The impact of my New Year’s Resolution has been much greater than I imagined. It’s early November and I have now almost finished with my 24th book of the year. I’ve nearly always got a book in my bag. I don’t read on every single bus journey, sometimes I’m just too tired, but on the vast majority, you will find me engrossed in my latest literary choice. I now look forward to my bus journeys rather than seeing it as a chore. I’ve also noticed that it seems to be helping my day-to-day stress levels. It’s proving a nicer way to start and end the day and allows me to turn-off my work brain as I head home for the evening. I’m sure I sleep better too when I read as I go to sleep. A recent article in The Simple Things magazine, explains that reading can become a form of mindfulness – I most definitely agree!
Beyond these great personal benefits, I’m also enjoying the wider impact of books. I’ve hardly read anything on my Kindle this year; the good old paperback is my medium of choice. I enjoy receiving other people’s recommendations and passing books on to others who I think will enjoy them. My mom and I have been drip-feeding each other with books throughout the year. I’m talking about books with friends and colleagues much more, and finding new, common interests this way. I’ve always enjoyed a riffle through charity shop bookshelves and can now do this without any guilt, knowing I probably will get around to reading the book I’m about to buy, rather than it ending up on my bookshelf, unread for years. I look forward to buying and reading even more books next year! I’ve kept a note of the books I’ve read this year, but next year my plan is to write a proper review of each one.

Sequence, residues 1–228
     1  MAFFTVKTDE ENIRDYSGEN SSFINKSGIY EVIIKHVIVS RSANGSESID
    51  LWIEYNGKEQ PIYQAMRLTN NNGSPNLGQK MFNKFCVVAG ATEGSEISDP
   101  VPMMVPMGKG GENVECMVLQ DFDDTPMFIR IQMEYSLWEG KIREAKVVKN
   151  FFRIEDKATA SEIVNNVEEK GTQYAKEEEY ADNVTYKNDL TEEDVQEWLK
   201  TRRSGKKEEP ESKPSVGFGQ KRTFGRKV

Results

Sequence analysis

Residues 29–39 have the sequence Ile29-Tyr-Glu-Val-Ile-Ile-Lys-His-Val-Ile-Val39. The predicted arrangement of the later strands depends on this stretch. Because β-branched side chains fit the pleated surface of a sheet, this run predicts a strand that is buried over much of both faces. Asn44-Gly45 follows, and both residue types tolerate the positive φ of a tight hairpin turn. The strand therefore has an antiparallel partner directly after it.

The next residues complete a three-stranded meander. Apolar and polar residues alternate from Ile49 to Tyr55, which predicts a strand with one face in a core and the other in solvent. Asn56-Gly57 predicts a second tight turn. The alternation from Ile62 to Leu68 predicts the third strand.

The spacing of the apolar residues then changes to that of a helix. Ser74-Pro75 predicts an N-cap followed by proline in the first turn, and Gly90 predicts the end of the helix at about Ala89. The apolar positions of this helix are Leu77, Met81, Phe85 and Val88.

For those interested, this year I have read:
- The Versions of Use by Laura Barnett
- The Leopard by Jo Nesbo
- The Loney by Andrew Michael Hurley
- Dissolution by C J Sansom
- Rupture by Ragnar Jonasson
- The Buried Giant by Kazou Ishiguro
- The Gustav Sonata by Rose Tremain
- Big Little Lies by Liane Moriarty
- My Name is Lucy Barton by Elizabeth Strout
- The Hidden Light of Objects by Mai Al-Nakib
- This Must Be the Place by Maggie O’Farrell
- The Summer Book by Tove Jansson
- Nora Webster by Colm Toibin
- The Blackhouse by Peter May
- A Year of Marvellous Ways by Sarah Winman
- After You’d Gone by Maggie O’Farrell
- The Heart Goes Last by Margaret Atwood
- The Dry by Jane Harper
- Nutshell by Ian McEwan
- I’m Travelling Alone by Smaual Bjork
- The Marmaid and the Drunks by Ben Richards
- The Particular Sadness of Lemon Cake by Aimee Bender
- The Unseen by Roy Jacobsen
- Captain Corelli’s Mandolin by Louis de Bernieres